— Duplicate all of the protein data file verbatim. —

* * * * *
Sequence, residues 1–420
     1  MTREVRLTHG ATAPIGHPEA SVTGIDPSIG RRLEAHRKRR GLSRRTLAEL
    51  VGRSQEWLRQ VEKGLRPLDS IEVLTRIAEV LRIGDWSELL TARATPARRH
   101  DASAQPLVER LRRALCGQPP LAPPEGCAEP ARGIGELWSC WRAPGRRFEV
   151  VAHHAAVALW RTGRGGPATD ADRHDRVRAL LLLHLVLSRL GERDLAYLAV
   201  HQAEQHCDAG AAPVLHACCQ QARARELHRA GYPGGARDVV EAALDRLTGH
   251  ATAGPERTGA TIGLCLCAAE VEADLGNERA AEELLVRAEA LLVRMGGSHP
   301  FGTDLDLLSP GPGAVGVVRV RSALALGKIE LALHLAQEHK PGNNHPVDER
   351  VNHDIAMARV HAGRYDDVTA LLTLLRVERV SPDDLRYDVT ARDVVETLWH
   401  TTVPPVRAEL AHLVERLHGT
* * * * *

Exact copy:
Sequence, residues 1–420
     1  MTREVRLTHG ATAPIGHPEA SVTGIDPSIG RRLEAHRKRR GLSRRTLAEL
    51  VGRSQEWLRQ VEKGLRPLDS IEVLTRIAEV LRIGDWSELL TARATPARRH
   101  DASAQPLVER LRRALCGQPP LAPPEGCAEP ARGIGELWSC WRAPGRRFEV
   151  VAHHAAVALW RTGRGGPATD ADRHDRVRAL LLLHLVLSRL GERDLAYLAV
   201  HQAEQHCDAG AAPVLHACCQ QARARELHRA GYPGGARDVV EAALDRLTGH
   251  ATAGPERTGA TIGLCLCAAE VEADLGNERA AEELLVRAEA LLVRMGGSHP
   301  FGTDLDLLSP GPGAVGVVRV RSALALGKIE LALHLAQEHK PGNNHPVDER
   351  VNHDIAMARV HAGRYDDVTA LLTLLRVERV SPDDLRYDVT ARDVVETLWH
   401  TTVPPVRAEL AHLVERLHGT